II F 5 

82 Find all the ships, but the San Thomas. [ 


not steer without wind, so it drave upon the land : whereby 
our boresprit [hoivsprit] touched the shore ; and therewith, 
we thought that ship and goods had all been cast away. But, 
by reason of the great depth, being ten fathoms, of water ; 
and, with the help of the boats and men of the other ships 
that came unto us, we put off from the land, without any 
hurt : and by those boats, we were brought to a place where 
the other ships lay at anchor ; which is right against a 
valley, that lieth between two high hills, wherein there 
standeth a little church, called Saint Helena. 

There we found five ships, which were, the ship that came 
from Malacca ; and the Santa Maria, which had been there 
about fifteen days [i.e., had arrived 2'jth of April] : both of 
which came together to the Cape of Good Hope. The Sant 
Antonio, and the San Christopher, the admiral, that had 
arrived there ten days before [i.e., on 2nd of May] : and the 
Nostra Senora de Concepcao, which came thither but the day 
before us [i.e., iith of May]. So that there wanted none of 
the fleet, but the Saji Thomas; and, by the signs and tokens 
that we and the other ships had seen at sea (as masts, deals, 
fats, chests, and many dead men that had bound themselves 
upon boards ; with a thousand other such like signs), we pre- 
sumed to be lost : as we after understood, for it was never 
seen after[wards]. 

Our admiral [fag ship] likewise, had been in great danger 
of casting awa}'. For, although it was a new ship, and this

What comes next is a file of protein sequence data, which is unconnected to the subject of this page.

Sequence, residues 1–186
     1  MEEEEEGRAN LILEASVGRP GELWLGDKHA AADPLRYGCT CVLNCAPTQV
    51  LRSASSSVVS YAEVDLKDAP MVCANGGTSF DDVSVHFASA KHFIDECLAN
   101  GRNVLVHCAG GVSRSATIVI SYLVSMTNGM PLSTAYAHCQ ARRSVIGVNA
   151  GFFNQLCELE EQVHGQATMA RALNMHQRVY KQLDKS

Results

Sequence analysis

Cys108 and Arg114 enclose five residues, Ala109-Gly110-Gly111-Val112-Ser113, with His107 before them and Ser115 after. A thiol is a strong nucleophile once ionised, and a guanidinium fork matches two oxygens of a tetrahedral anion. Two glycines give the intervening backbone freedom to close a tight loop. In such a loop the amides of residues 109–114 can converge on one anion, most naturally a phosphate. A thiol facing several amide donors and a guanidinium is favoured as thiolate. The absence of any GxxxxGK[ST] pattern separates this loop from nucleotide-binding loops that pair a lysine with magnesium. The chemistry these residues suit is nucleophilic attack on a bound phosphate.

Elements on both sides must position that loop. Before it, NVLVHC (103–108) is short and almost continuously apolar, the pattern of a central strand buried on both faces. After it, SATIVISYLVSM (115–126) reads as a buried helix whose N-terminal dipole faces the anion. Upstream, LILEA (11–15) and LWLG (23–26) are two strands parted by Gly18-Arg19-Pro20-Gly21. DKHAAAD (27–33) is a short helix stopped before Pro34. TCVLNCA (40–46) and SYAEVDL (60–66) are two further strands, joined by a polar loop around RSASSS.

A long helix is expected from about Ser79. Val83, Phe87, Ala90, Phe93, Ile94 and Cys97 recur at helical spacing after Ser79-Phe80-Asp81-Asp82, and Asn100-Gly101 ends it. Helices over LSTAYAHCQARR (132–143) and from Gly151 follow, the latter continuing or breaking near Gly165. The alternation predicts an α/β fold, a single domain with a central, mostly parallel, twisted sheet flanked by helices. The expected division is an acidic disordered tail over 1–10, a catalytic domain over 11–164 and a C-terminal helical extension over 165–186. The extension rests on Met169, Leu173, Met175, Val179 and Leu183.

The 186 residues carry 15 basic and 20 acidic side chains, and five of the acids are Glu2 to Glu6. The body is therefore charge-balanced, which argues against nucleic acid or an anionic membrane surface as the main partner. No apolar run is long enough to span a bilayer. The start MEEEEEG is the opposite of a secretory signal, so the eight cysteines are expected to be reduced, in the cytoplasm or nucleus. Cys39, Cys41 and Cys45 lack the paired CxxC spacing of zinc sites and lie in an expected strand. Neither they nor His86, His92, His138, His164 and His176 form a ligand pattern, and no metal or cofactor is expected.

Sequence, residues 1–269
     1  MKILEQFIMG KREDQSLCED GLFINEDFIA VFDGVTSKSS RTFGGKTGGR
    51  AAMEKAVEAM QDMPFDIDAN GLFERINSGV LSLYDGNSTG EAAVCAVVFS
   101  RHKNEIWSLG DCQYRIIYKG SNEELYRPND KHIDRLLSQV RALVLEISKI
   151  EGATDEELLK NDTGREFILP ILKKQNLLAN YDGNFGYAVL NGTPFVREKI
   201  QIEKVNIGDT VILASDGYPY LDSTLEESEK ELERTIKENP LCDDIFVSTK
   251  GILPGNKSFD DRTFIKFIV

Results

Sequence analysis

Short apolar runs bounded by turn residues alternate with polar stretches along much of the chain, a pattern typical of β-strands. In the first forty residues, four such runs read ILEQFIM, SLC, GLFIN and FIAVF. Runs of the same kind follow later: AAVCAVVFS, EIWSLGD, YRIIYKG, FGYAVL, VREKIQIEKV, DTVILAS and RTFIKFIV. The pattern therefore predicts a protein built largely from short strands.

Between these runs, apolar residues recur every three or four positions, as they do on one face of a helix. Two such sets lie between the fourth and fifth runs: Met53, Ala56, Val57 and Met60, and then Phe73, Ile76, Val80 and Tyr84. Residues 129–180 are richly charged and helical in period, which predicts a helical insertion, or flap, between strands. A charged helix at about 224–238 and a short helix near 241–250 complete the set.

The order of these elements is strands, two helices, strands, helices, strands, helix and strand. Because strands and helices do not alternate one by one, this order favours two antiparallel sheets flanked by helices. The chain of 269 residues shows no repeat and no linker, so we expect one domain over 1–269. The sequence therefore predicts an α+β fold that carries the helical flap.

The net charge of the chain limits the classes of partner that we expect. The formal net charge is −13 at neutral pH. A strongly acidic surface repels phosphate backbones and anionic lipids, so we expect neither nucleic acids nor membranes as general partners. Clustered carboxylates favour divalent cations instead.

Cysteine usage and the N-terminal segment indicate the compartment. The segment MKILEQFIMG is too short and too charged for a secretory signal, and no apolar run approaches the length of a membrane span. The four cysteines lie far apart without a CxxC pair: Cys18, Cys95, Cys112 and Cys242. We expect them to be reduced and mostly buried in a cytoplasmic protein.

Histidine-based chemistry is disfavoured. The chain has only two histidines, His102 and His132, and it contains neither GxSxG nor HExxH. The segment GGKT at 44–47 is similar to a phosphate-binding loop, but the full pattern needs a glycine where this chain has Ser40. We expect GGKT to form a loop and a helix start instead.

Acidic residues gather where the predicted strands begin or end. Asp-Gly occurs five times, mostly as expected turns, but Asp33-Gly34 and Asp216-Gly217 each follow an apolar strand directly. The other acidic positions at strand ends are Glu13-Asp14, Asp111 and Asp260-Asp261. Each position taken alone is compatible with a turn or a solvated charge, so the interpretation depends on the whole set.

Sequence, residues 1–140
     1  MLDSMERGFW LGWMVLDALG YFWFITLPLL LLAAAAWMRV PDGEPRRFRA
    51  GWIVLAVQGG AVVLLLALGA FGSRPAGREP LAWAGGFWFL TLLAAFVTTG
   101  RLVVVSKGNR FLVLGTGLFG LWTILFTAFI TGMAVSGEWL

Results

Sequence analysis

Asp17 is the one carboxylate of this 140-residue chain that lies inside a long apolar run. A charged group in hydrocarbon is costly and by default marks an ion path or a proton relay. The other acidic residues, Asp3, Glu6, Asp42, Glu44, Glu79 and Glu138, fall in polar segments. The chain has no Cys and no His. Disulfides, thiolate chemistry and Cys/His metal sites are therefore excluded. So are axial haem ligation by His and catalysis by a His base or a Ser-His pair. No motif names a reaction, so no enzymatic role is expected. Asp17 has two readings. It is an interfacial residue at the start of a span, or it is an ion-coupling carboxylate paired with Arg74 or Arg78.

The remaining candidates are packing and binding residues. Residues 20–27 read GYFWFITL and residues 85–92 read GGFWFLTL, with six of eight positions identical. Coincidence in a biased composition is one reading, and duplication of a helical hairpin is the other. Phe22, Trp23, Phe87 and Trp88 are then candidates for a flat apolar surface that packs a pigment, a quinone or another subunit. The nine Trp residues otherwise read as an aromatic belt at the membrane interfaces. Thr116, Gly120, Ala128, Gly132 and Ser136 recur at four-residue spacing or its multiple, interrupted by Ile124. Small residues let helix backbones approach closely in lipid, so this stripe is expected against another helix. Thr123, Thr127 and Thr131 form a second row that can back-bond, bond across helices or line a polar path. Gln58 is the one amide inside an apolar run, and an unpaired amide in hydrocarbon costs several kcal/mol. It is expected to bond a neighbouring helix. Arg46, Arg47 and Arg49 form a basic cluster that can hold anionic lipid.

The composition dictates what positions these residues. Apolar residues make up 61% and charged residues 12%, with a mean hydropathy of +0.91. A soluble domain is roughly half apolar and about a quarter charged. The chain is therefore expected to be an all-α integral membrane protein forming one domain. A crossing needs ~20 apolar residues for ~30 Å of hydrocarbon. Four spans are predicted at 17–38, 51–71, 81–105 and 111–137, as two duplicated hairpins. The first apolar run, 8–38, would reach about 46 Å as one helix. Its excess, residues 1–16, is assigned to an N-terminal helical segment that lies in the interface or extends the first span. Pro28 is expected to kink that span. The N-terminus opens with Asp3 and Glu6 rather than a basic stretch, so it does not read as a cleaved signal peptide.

the first voyage it had made ; yet it was so eaten with worms, 
that it had, at the least, 20 handsful deep of water within it. 
At the Cape, they were forced to throw half of the goods over- 
board into the sea ; and were constrained continually to pump 
with two pumps, both night and day, and never hold still. 
And being at the island of St. Helena, she had there also 
sunk to the ground, if the other ships had not helped her. 

The rest of the ships could likewise tell what dangers and 
miseries they had endured. 

About three months before our arrival at St. Helena [i.e., 
in February 1589] there had been a ship, which, the year 
before, set out of Ormus, with the goods and men that 
remained of the San Salvador at Zanzibar, that had been 
saved by the Portuguese army, and brought to Ormus, as in 


another place I have declared [see p. 44]. That ship had 
wintered in Mozambique, and had passed by the Cape very 
soon; and so sailed, without any company, to Portugal. She 
left some of her sick men on the island, as the manner is ; 
which the next ships that come thither, must take into 

These gave us intelligence that four [or rather eleven] 
months before our arrival, there had been an English ship 
[Cavendish's ship the Desire, see Vol. I. p. 293] at the island 
of St. Helena, which had sailed through the Straits of 
Magellan, and through the South Seas, and from thence, to 
the Philippine Islands ; and had passed through the Straits ot 
Sunda, that lie beyond Malacca, between the islands ol 
Sumatra and Java : in the which way, she had taken a ship 
of China, such as they call Junks, ladened with silver and 
gold, and all kinds of silks. And that, she sent a letter, with 
a small present, to the Bishop of Malacca, telling him, 
" That she sent him that of friendship, meaning to come her- 
self and visit him." 

Out of that ship of China, they took a Portuguese Pilot ; 
and so passed the Cape of Good Hope, and came to the 
island of St. Helena : where they took in fresh water and 
other necessaries, and beat down the altar and cross that 
stood in the church. 

They left behind them a kettle and a sword, which the 
Portuguese, at our arrival, found there : yet could they not